What Cryptocurrency Scams You Should Avoid?

As you learn more about cryptocurrency, you get to know how important it is to follow the right direction. If you lose your way once and make a very bad turn, the chances to return from it will be quite high and you will lose more than you could afford.

The market of cryptocurrency is the one that changes very quickly. Any crypto that was falling in the market could go up in the blink of an eye and any crypto being at its highest can fall before you get to sell it.

What Cryptocurrency Scams You Should Avoid?

This updated website helps you out in all such situations and provides better guidance on how you can trade your cryptocurrencies and make sure you earn profitable outcomes. Being involved in one of the best cryptocurrencies, bitcoins, or any other crypto for that matter have big risks associated with it.

Apart from that, there also are scams that you should know and be careful of. If you don’t want to lose your cryptocurrency investments, then you have come to the right place. Keep reading.

To give you a recap, cryptocurrencies are digital tokens that you can exchange for any type of goods or service. However, a lot of institutions and investors regard cryptos as a mere investment and buy specific coins with a plan to sell them later for a profit. This is done to improve their business and of course, their investment portfolio. Now, check out the following scams you should know about before you start to invest in cryptocurrencies. The safer, the better.

Market Manipulation

In market manipulation, scammers interfere or influence asset prices. The scales go in their favor just because scammers tip them and then, they make great returns. Such illicit trading activities can be explained by the following terms

Spoofing

When scammers create and use bots or dummy accounts to place huge trades. This gives the impression to other investors that demand is either decreasing or increasing.

Front-Running

When scammers make trades depending on the information of future transactions. Take this example for better understanding, node operators or miners have info about pending trades. They could benefit from using it as a money-making strategy ahead of any sort of price swings by the market.

Pump-And-Dump Approach

This approach means when a group or individual makes an effort to elevate an asset’s price to sell their holdings. What do they need? Every such scammer has one motto – profit.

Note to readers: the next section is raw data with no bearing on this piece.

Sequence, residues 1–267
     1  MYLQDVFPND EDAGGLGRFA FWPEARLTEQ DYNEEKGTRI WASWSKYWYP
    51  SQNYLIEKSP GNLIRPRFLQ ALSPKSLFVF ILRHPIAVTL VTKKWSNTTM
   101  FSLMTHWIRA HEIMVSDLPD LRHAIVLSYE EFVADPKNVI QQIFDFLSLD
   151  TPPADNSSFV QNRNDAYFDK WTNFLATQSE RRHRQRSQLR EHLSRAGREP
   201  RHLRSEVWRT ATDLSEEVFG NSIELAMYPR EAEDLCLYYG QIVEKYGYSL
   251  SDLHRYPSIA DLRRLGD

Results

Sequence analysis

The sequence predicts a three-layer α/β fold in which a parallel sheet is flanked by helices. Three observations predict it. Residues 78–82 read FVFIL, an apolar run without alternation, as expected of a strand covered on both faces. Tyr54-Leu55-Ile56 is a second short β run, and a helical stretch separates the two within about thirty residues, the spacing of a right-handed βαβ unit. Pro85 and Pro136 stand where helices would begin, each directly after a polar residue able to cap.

It is called pump-and-dump because they pump (persuade) people to buy it. The scammers spread misleading or false information about traded coins. We know how quickly the news spreads over social media platforms and different online communities.

Rug Pulls

When cryptocurrency developers leave a project but ask the investors to keep the fund up, it’s called a rug pull. Bad actors put new tokens on a decentralized trade and couple it with a valid cryptocurrency. Later, they gather interest on different social media platforms to attract investors. When they have sufficient money in their tokens, they cancel the project they have and run with those funds.

The Usual Hacking

Investors trade cryptocurrency through a digital wallet. This can be either your offline computer, any physical device or your mobile phone. These digital wallets also have public and private keys. Now, what happens is that whosoever has access to your details or password to your account can easily manage the funds in that account.

As it’s told and taught not to share your details with anyone and not to give your credit or debit card number to a stranger, your private keys are just as important and need to be kept safely as well.

If you don’t safeguard your private keys, fraudsters will work several tricks just so that the investors can reveal their details. Scammers wait for every moment to use that valuable information. Then, they hack accounts and take back their funds.

Fake Websites

Some websites can trick you to trust them and require you to add all your details there. So many websites now are set up in a way that they resemble valid, original start-up companies. If a tiny lock icon does not appear on your screen quite near to the URL bar, then you should know that the site only looks identical but is indeed fake.